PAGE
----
The websites of several Swedish government agencies were knocked offline on Friday.
The affected sites included those of the Riksbank, the Riksdag, the Swedish Institute, the Svea Court of Appeal, the Swedish police and security service Säpo.
Details of the attack were being discussed freely on Facebook by people claiming to be a part of Anonymous, reports said.
The Facebook group, called #OpPRK #OpPirateBay, said the attacks were in retaliation for police raids on a hosting company associated with both The Pirate Bay and Wikileaks.
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Terry Greer-King, UK managing director for internet security firm Check Point said the attacks demonstrate that a determined group can cause disruption to any organisation, even at government level, no matter how well-defended their networks and sites are.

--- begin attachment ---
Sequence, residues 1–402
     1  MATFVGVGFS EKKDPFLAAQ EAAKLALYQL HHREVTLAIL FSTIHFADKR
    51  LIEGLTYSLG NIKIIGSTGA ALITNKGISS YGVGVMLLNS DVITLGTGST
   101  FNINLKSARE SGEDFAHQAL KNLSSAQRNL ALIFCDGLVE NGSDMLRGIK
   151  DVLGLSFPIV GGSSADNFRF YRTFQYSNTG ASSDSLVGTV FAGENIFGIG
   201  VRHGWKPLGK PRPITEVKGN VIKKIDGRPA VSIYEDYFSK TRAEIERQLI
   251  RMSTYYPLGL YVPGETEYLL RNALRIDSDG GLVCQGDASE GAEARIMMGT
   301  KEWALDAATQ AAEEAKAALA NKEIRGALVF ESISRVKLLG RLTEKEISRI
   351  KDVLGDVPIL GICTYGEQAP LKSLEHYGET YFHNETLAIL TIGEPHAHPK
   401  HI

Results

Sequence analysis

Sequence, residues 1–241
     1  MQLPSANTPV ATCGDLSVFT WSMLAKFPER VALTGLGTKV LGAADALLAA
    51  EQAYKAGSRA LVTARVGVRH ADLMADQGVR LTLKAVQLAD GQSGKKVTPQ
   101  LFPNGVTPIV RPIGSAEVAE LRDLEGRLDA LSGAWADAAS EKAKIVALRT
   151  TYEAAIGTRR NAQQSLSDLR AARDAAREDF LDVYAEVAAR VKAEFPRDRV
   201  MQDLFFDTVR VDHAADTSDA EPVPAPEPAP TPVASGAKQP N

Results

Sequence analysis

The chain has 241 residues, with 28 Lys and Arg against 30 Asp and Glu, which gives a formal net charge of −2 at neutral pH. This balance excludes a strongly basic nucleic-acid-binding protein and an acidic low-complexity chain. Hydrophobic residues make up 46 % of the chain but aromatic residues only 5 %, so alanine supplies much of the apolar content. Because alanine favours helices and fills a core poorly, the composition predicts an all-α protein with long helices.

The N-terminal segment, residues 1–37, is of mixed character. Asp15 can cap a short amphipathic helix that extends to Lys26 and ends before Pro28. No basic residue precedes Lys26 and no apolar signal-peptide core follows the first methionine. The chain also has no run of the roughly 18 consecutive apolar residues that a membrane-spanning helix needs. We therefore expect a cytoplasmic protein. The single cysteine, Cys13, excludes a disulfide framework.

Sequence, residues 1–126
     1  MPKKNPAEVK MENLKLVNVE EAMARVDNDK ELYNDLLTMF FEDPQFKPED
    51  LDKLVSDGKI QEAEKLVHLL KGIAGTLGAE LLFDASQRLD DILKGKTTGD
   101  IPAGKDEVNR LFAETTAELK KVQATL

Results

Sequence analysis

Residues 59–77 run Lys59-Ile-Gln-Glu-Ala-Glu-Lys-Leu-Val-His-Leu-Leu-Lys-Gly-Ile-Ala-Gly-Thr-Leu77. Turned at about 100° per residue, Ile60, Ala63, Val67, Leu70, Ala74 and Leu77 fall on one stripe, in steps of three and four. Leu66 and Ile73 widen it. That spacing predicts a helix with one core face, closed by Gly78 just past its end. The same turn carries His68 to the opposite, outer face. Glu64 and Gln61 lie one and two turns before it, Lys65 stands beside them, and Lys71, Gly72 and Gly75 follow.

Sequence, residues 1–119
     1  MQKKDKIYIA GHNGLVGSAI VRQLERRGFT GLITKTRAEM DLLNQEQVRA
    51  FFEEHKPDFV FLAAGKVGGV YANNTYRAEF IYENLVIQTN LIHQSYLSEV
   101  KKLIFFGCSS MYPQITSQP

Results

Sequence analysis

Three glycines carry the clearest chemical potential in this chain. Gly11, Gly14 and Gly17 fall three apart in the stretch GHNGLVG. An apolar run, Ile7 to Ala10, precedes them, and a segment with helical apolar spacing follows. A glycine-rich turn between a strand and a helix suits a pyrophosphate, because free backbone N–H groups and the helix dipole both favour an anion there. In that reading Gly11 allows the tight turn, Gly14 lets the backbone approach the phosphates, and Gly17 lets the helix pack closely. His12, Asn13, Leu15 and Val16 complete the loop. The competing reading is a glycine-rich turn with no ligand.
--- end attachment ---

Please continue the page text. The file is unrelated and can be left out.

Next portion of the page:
"In May this year, we surveyed over 2,500 IT professionals worldwide and found that they rated DDoS (distributed denial-of-service) attacks as one of the top risks to their networks. Organisations need to be able to collaborate and share intelligence on emerging threats, so that the severity of attacks can be mitigated or even blocked before they can cause widespread damage,” he said.
In April, a study revealed that financial services firms were targeted by three times as many DDoS attacks in the first quarter of 2012 than in the previous three months.
This represented a 25% increase compared with the same period in 2011.
There was also a 3,000% increase in malicious packet traffic, according to the latest Quarterly Global DDoS Attack Report by security firm Prolexic Technologies.